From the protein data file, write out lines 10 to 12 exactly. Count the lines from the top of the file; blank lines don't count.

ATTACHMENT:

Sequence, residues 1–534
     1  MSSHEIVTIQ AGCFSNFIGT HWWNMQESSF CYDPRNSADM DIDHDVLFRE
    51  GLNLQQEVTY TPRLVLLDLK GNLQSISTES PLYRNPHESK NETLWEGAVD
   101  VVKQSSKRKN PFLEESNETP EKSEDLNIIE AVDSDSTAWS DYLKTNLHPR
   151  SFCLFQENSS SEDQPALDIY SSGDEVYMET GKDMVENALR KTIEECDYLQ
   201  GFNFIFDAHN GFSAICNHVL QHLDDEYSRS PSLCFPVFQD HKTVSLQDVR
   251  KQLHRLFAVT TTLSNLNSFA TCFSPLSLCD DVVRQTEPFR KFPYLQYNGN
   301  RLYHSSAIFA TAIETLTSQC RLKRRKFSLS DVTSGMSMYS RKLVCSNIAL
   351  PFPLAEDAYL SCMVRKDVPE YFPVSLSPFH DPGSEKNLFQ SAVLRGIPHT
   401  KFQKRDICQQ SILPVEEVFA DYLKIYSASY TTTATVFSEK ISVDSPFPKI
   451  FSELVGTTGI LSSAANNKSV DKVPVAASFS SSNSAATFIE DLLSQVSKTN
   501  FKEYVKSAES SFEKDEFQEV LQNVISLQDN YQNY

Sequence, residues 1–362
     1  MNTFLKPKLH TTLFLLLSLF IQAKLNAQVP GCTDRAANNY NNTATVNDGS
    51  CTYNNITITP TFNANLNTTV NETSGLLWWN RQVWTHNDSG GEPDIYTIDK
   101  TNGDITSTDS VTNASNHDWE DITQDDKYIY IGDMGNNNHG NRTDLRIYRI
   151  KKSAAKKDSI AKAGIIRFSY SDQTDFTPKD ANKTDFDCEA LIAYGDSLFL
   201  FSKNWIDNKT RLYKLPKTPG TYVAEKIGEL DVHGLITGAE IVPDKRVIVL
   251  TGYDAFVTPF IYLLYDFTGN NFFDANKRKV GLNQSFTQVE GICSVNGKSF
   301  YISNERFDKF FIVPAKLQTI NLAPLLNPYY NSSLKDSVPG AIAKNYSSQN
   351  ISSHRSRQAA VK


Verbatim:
   401  KFQKRDICQQ SILPVEEVFA DYLKIYSASY TTTATVFSEK ISVDSPFPKI
   451  FSELVGTTGI LSSAANNKSV DKVPVAASFS SSNSAATFIE DLLSQVSKTN
   501  FKEYVKSAES SFEKDEFQEV LQNVISLQDN YQNY